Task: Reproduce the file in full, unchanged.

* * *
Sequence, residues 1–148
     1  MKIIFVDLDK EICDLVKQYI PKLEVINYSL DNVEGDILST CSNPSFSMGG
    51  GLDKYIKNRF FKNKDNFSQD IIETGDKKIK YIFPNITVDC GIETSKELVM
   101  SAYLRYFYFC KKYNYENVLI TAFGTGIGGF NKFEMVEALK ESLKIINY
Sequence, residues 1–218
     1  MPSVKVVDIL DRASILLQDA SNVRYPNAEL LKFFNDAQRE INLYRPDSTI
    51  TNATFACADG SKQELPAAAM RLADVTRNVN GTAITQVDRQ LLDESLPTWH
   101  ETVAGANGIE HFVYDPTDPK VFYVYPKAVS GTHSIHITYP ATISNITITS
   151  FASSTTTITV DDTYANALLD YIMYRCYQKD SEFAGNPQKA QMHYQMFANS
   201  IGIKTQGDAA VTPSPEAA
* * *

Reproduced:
Sequence, residues 1–148
     1  MKIIFVDLDK EICDLVKQYI PKLEVINYSL DNVEGDILST CSNPSFSMGG
    51  GLDKYIKNRF FKNKDNFSQD IIETGDKKIK YIFPNITVDC GIETSKELVM
   101  SAYLRYFYFC KKYNYENVLI TAFGTGIGGF NKFEMVEALK ESLKIINY
Sequence, residues 1–218
     1  MPSVKVVDIL DRASILLQDA SNVRYPNAEL LKFFNDAQRE INLYRPDSTI
    51  TNATFACADG SKQELPAAAM RLADVTRNVN GTAITQVDRQ LLDESLPTWH
   101  ETVAGANGIE HFVYDPTDPK VFYVYPKAVS GTHSIHITYP ATISNITITS
   151  FASSTTTITV DDTYANALLD YIMYRCYQKD SEFAGNPQKA QMHYQMFANS
   201  IGIKTQGDAA VTPSPEAA